Bologna's wider lessons
The Bologna Process has applications beyond the borders of Europe, the president of the European Universities Association has said. Speaking at the association's autumn conference in Germany last week, Jean-Marc Rapp said that universities need a better understanding of international co-operation as well as national and regional missions. He added that the expertise gained by European universities in implementing Bologna - which aims to create a European Higher Education Area by 2010 - should be used to "stimulate international co-operation outside Europe".
Uproar over journal prices
American library directors have hit out at a massive increase in the price of a leading science journal. A group of 50 head librarians have sent a letter protesting the price hike to Steven Inchcoombe, managing director of Nature Publishing Group, which publishes Scientific American. The Chronicle of Higher Education reported that the publisher proposes to charge $299 (£187) for a 2010 print subscription, a rise of 648 per cent, and up to $1,500 for an annual online licence, an increase of 50 per cent. Leading librarians from liberal-arts colleges including Haverford, Washington and Kenyon have signed the letter of protest.
Web inequality hampers research
African universities' attempts to access information and cutting-edge research online are being hampered by the prohibitive costs. Institutions in Africa can pay up to 50 times more than their US counterparts to access the same information, and an African university of 20,000 students typically has access to the same internet bandwidth as a single American household, the Voice of America News website reported. Ibrahima Diane, a postgraduate student at the University of Dakar, said: "We're studying current issues so we need up-to-date information, but we are working with articles from 2005 or even 2002." In an attempt to solve the problem, universities are setting up information-sharing networks to improve access to research, such as the Ubuntu Alliance of ten research institutions in southern and eastern Africa.
Overseas growth 'unsustainable'
Australia cannot continue to recruit Chinese and Indian students at today's levels without compromising standards, the country's largest overseas recruiter has warned. The Australian newspaper said that Tony Pollock, chief executive of international-enrolment service IDP Education, warned Higher Ed Services - a university management consultancy owned by Universities Australia - that current growth is unsustainable. "We can't cope with 30 per cent growth. Single-digit quality growth in our major markets is in the sector's and Australia's interests," he said. China and India account for more than 40 per cent of Australia's 547,600 overseas-student enrolments.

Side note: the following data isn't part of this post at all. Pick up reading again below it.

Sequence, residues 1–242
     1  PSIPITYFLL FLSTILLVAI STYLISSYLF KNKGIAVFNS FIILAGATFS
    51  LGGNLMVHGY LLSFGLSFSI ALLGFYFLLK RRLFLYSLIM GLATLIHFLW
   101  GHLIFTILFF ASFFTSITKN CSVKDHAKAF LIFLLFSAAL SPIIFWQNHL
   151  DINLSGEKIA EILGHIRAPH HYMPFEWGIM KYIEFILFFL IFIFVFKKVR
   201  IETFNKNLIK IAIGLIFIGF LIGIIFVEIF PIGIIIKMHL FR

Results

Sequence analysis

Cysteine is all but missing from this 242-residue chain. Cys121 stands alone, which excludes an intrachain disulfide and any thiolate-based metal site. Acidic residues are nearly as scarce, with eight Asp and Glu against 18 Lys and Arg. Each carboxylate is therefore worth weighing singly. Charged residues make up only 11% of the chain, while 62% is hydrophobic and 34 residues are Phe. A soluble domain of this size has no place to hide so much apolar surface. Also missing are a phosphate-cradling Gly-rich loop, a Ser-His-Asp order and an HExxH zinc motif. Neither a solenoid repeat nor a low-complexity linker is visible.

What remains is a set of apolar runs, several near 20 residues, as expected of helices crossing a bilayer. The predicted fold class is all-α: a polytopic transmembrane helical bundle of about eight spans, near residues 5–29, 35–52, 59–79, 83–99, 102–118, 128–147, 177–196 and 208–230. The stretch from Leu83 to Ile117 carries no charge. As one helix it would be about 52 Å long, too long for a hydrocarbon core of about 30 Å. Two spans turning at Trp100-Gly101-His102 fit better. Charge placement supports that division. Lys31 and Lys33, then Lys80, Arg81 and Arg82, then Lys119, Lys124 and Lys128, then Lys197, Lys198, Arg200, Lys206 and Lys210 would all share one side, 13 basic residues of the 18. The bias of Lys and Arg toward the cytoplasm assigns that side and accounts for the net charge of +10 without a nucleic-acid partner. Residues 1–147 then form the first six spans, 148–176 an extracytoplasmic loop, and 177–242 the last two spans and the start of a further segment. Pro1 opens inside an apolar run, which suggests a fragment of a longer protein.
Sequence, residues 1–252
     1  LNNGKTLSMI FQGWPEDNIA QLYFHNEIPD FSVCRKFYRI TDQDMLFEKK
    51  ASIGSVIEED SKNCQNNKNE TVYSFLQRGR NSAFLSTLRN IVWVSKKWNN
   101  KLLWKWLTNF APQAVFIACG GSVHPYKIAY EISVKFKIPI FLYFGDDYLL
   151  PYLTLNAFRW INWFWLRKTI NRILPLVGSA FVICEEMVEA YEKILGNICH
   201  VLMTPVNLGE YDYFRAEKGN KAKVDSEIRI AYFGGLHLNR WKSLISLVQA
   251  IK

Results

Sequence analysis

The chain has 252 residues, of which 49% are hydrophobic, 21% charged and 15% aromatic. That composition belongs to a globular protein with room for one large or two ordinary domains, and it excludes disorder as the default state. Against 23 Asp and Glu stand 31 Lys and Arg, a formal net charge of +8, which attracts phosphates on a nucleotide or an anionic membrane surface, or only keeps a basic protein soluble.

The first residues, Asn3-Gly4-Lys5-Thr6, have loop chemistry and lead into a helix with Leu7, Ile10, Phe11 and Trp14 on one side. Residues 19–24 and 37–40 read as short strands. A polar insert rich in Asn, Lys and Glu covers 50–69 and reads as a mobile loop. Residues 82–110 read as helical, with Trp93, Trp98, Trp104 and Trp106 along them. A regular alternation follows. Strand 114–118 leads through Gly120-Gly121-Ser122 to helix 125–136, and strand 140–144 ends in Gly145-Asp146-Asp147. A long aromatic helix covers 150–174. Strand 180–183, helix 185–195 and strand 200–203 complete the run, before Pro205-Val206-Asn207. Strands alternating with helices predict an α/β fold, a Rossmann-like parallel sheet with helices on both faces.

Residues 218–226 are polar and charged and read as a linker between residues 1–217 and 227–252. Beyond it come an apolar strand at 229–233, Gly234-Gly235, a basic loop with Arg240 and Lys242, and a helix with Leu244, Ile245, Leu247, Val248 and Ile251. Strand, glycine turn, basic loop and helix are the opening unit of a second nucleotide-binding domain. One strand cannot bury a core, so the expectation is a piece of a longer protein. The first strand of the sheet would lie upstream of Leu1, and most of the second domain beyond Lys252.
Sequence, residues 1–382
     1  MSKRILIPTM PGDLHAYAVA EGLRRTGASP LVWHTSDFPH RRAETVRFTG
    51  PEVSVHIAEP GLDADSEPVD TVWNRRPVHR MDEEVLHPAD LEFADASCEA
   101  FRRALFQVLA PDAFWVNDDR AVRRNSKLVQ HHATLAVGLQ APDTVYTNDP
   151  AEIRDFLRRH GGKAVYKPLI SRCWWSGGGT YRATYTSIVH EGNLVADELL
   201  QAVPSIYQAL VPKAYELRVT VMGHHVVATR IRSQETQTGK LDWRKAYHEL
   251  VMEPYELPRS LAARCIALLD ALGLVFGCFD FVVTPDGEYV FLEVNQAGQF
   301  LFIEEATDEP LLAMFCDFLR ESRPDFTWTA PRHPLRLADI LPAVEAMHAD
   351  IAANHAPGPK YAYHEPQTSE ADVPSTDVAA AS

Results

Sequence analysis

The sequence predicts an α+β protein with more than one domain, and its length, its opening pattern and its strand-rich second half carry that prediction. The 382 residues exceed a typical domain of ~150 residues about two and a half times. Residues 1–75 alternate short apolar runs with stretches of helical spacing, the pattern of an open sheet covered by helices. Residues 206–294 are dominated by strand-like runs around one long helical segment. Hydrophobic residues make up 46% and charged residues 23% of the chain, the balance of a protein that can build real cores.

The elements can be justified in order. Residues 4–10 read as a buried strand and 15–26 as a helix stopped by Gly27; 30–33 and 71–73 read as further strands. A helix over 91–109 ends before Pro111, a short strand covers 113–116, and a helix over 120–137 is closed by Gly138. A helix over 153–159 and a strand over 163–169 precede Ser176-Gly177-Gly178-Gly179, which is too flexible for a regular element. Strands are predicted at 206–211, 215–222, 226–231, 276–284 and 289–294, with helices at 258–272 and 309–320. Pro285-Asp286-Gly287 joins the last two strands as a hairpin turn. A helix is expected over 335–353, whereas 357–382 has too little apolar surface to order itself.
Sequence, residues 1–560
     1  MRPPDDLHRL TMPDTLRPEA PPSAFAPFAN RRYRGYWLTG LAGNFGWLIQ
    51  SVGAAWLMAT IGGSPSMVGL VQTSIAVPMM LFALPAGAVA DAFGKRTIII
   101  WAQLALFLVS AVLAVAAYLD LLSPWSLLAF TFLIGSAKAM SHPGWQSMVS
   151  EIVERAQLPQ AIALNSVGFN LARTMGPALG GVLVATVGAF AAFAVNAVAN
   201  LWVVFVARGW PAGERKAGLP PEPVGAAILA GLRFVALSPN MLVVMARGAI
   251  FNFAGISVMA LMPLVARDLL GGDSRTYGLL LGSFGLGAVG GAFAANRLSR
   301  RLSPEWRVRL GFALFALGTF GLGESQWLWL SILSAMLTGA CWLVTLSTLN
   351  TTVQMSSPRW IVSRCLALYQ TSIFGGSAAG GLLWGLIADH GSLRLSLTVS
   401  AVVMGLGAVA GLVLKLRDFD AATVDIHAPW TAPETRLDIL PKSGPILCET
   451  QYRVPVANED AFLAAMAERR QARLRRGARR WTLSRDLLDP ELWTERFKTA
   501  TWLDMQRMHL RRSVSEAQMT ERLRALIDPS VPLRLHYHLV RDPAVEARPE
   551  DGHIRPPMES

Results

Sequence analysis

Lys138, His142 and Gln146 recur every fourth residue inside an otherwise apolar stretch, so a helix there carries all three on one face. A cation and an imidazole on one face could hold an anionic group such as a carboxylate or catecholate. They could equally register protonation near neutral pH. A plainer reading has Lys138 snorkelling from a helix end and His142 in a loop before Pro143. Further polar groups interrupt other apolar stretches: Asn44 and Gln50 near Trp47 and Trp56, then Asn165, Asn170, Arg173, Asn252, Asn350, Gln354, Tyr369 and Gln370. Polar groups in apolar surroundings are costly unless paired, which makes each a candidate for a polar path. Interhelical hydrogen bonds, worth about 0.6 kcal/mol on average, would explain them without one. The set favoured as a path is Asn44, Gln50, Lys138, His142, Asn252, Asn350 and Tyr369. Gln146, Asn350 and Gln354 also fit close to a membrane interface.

Bill bad news for student health
Barack Obama's healthcare reforms, approved by the Senate Finance Committee last week, fail to take account of students' needs, the US news website Inside Higher Ed reported. As the contentious Bill returns to Congress, the issue of what provisions the final legislation will make for college students and campus-based healthcare remains unresolved. "Congress simply isn't thinking about college students' healthcare," said Jim Turner, president of the American College Health Association. "The legislation could unintentionally eliminate student health-insurance programmes."
Franco-Indian nuclear masters
The University of Delhi is joining forces with seven French institutions to offer a dual degree in nuclear science. Students enrolled on the three-year MTech in nuclear science and technology will spend their third and fourth semesters in Paris and be awarded a masters degree in nuclear energy, the Times of India newspaper reported. After their fourth and fifth semester, spent in Delhi, they would graduate with an MTech degree. Partners include the University of Paris and ParisTech.